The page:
Foot Orthotics... Your Questions Answered.
Conditions such as shin splints, plantar fasciitis, heel spurs, knee pain, bunions, corns, calluses and a host of other foot problems, leg, knee and postural complaints have all been known to improve with the use of orthotic appliances.
So, why are foot orthotic appliances used for so many different conditions?
An arch support will simply support the arch. A functional orthotic appliance uses specific modifications to apply specific forces to different parts of the foot in an effort to alleviate pain and/or improve postural control.
When damaging forces on the foot and leg begin to cause pain, many overuse problems may start to occur. These symptoms of overuse can include pain or discomfort in the feet or legs. Sometimes symptoms will occur in the hip and the lower back or spine.
Foot orthotics can help to control these damaging forces and prevent many of these symptoms.
How long must you wear orthotics?
As you get older foot posture can improve with continual wear of your orthotics. Orthotics should be checked for accuracy and excessive 'wear and tear' every six to twelve months.
What type of orthotic should I wear?
The choice of material will depend on your foot type, your initial problem, your footwear, your level of activity and the forces require to achieve the desired outcome with the orthotic appliance.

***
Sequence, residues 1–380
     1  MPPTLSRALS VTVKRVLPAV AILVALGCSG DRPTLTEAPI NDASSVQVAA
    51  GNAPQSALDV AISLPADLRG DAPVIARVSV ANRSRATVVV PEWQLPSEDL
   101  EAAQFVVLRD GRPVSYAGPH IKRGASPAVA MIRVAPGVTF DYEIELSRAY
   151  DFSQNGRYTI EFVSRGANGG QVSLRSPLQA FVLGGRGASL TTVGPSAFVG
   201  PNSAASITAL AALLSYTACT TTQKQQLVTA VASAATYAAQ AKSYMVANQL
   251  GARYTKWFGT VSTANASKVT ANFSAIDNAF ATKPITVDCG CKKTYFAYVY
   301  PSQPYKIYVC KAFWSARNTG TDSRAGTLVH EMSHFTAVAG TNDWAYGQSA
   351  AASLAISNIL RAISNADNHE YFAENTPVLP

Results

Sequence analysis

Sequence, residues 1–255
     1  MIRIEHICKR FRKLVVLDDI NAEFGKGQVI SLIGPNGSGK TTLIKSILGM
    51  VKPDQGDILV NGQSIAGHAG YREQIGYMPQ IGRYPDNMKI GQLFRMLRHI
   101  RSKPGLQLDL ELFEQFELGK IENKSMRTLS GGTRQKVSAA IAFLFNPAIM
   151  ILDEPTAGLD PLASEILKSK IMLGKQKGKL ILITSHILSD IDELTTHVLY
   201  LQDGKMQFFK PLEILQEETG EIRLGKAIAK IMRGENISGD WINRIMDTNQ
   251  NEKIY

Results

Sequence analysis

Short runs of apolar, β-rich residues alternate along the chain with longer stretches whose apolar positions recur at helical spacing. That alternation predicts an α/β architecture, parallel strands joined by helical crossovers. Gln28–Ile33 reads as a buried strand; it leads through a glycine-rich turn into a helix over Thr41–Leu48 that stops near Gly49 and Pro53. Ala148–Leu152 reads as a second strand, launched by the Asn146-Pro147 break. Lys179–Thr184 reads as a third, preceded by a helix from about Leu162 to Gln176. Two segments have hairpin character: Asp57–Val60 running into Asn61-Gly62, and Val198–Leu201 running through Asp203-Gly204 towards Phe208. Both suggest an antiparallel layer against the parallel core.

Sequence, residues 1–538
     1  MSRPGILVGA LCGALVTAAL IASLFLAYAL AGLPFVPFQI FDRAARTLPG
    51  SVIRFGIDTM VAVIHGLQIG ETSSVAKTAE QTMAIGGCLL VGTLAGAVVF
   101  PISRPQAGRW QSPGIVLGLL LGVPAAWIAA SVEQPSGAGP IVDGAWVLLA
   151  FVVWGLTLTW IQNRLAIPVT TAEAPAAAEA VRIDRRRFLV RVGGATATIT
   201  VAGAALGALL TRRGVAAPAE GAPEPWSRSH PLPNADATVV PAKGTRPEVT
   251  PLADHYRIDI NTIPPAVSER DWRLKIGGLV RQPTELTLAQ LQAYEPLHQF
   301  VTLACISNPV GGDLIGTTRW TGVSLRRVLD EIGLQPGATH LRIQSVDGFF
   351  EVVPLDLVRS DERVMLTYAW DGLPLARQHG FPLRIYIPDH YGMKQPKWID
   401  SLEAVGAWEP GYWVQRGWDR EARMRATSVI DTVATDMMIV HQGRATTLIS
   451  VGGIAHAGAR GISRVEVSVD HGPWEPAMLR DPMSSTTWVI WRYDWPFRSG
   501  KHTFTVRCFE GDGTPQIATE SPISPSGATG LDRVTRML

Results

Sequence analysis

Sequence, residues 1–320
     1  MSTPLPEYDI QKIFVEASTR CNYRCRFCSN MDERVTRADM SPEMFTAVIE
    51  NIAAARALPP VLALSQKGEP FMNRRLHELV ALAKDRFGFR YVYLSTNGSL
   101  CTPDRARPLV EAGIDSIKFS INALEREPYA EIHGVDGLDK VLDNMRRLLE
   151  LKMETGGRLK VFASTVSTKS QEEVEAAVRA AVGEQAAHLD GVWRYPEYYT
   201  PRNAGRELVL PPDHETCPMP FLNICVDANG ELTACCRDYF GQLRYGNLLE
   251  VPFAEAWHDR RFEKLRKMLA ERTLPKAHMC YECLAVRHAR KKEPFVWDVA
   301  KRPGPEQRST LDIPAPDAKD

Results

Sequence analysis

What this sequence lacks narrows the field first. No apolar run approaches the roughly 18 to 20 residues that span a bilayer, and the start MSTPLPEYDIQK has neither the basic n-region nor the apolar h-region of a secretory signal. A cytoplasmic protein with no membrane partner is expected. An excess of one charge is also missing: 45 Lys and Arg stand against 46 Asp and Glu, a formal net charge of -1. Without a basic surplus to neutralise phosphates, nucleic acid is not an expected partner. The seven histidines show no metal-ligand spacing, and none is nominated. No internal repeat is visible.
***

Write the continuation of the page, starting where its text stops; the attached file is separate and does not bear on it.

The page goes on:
How long do orthotics last?
At what age should you commence using foot orthotics?
Orthotics are often used as treatment option when a child's foot posture is not within its normal range. This intervention frequently helps to eliminate common childhood foot and leg problems including growing pains, aching feet and legs and poor co-ordination.
What is the difference between foot orthotics, insoles and arch supports?
True foot orthotics are prescription devices which are prescribed to apply specific forces which ultimately aim to decrease any pathological or postural imbalances. Prescription orthoses are specific to your particular complaint, foot and body type.
WARNING : This information is for educational purposes only and is not intended to replace professional podiatric advice. Treatment will vary between individuals depending upon your diagnosis and presenting complaint. An accurate diagnosis can only be made following personal consultation with a Podiatrist, your Doctor or your foot specialist.
To find a Podiatrist or Foot Doctor near you visit our Find a Podiatrist page and click on your country.